It should come as no surprise that Alaskans love their aviators. We live in a state that's zig-zagged by more than a dozen mountain ranges and countless streams and rivers; communities cling to coastlines from the forested Southeast to the frigid Northwest Arctic, cut off from highways and road systems.
And that leaves aviators to deliver everything -- fuel, food, medicine, friends and family, fresh water -- to more than 80 percent of Alaska's settlements, many of which are only accessible year-round from the air. Pilots and flight controllers, crews and cargo movers who work in hangars and cabins, float-plane cockpits and on the runway -- all of these aviators have profoundly impacted the course of Alaska history.
Aviators are Alaska's living history, explains says Joy Journeay, AACA executive director. "We are excited that many of the men and women who have built the foundation of aviation in Alaska are still with us, and we're honored to have the opportunity to recognize them, and to capture their unique personal qualities.
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"Their impact on understudies in aviation -- whether they be aspiring pilots or mechanics -- these people starting out in aviation when they're exposed to the knowledge and the breadth of experience, it's just phenomenal and their contributions cannot be underestimated," Journeay said. "the inspiration they give to others is just as important as the foundation they've built."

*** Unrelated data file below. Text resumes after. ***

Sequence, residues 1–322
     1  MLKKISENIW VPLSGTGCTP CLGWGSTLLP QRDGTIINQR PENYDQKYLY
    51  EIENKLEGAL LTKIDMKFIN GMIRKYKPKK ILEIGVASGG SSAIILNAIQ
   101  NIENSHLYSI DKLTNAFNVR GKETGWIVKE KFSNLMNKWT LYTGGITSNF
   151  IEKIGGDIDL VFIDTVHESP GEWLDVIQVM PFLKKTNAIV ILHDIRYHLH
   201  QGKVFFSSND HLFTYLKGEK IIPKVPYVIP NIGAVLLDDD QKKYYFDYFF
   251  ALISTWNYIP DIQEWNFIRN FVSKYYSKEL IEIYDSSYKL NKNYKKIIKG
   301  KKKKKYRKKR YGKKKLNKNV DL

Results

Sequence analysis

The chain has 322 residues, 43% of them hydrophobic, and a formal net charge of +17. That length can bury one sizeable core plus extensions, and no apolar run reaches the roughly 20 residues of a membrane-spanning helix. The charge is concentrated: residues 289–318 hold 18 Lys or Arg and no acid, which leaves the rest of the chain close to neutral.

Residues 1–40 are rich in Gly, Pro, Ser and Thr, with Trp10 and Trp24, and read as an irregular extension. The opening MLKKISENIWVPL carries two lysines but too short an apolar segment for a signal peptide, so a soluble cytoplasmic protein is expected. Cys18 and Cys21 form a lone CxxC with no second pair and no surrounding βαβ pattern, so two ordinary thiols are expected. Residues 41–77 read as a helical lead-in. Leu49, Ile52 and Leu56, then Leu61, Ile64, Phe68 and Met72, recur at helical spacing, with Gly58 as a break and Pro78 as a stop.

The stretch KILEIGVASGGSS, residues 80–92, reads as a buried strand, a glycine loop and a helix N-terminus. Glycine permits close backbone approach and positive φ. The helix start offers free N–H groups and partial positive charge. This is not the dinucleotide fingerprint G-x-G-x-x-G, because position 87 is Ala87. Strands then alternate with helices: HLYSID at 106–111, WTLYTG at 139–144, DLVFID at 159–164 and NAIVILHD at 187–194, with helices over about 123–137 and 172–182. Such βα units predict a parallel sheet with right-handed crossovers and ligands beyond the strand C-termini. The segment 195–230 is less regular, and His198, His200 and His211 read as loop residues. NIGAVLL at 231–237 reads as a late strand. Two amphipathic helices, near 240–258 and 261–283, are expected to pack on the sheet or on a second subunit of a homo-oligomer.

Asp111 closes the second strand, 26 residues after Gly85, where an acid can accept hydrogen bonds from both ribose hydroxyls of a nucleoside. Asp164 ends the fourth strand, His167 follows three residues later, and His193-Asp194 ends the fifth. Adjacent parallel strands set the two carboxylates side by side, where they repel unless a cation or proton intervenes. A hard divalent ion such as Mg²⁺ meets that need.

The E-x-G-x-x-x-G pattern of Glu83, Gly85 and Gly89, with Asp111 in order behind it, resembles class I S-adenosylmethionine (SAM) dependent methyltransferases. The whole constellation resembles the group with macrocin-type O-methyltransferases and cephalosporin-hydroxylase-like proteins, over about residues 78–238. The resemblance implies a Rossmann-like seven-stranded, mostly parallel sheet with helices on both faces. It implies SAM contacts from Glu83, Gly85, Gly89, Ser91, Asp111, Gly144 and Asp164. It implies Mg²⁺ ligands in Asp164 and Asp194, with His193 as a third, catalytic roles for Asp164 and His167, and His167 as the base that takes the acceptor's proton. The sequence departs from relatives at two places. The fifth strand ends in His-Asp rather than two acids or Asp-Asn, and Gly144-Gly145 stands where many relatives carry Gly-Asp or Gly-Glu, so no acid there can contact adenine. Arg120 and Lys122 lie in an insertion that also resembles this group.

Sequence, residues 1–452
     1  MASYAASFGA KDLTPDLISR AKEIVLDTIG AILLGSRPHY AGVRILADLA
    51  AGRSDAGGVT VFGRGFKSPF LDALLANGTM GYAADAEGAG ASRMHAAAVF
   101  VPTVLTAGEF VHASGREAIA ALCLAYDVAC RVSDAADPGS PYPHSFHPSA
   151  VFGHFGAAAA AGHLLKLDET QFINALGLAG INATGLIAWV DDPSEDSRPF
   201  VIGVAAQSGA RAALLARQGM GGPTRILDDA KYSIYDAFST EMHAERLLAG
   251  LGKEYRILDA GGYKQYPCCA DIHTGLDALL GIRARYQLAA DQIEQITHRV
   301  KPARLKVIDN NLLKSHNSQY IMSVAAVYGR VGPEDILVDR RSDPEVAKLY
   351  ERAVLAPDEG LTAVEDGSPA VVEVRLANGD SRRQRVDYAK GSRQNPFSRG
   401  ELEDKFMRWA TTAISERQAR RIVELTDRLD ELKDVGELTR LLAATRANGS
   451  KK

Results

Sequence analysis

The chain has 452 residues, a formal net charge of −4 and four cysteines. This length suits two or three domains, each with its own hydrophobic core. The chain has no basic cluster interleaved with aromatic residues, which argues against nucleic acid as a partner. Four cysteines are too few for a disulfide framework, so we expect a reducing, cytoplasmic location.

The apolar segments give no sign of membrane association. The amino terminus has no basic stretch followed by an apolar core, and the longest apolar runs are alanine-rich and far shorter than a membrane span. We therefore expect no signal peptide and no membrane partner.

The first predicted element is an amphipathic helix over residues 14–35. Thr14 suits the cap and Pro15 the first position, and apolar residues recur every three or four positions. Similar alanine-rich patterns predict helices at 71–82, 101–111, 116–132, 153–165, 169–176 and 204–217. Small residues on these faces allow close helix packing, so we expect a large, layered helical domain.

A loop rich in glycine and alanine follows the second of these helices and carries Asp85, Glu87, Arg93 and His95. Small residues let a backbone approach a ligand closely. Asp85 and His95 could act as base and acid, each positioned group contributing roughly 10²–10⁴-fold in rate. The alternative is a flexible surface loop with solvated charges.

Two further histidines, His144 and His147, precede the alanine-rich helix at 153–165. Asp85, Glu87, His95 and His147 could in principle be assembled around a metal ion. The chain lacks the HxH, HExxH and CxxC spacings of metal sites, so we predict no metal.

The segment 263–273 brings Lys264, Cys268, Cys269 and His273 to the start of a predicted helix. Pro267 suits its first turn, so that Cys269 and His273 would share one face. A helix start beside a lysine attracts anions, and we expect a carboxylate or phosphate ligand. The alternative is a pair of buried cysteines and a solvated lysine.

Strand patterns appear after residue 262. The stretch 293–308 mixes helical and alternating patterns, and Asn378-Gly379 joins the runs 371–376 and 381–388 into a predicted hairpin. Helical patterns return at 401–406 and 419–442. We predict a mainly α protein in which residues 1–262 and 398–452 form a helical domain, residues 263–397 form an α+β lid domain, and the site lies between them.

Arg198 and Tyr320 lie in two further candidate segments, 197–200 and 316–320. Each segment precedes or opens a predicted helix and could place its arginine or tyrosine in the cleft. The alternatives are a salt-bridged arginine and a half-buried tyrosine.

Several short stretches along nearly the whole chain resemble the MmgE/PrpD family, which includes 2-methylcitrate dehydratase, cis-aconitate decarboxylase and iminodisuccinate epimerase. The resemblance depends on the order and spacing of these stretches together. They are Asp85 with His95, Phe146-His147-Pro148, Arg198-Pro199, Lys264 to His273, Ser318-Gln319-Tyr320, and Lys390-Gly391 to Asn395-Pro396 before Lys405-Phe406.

In the coming weeks, we'll be profiling this year's aviation legend winners. But first, a bit of background, like:
Why honor living aviators?
Good question. It's all about paying respects to the men and women of Alaskan aviation -- celebrating their contributions to the Alaskan way of life -- before they're dead and gone, explains the AACA.
The project also serves to:
- Relive events, places, and conditions in Alaska's aviation history.
- Cherish the unique personal qualities embodied by Alaska's aviation community.
- Capture through narrative and imagery the stories of Alaskan aviation, many of which now only exist in the minds of these legends (or perhaps in cardboard boxes and dusty closets) before these recollections are lost.
How do I nominate an Alaska aviation legend?
New living legends are nominated and selected every year; winners are recognized every other year at a special banquet in Anchorage, home to Lake Hood, the world's busiest seaplane base, and Merrill Field, which houses nearly 1,000 General Aviation aircraft. A panel of Living Legends award winners and advisors select new honorees. Those chosen this year will suggest future winners, and so on.
This year's banquet is Friday, Oct. 12, 2012. Find out more.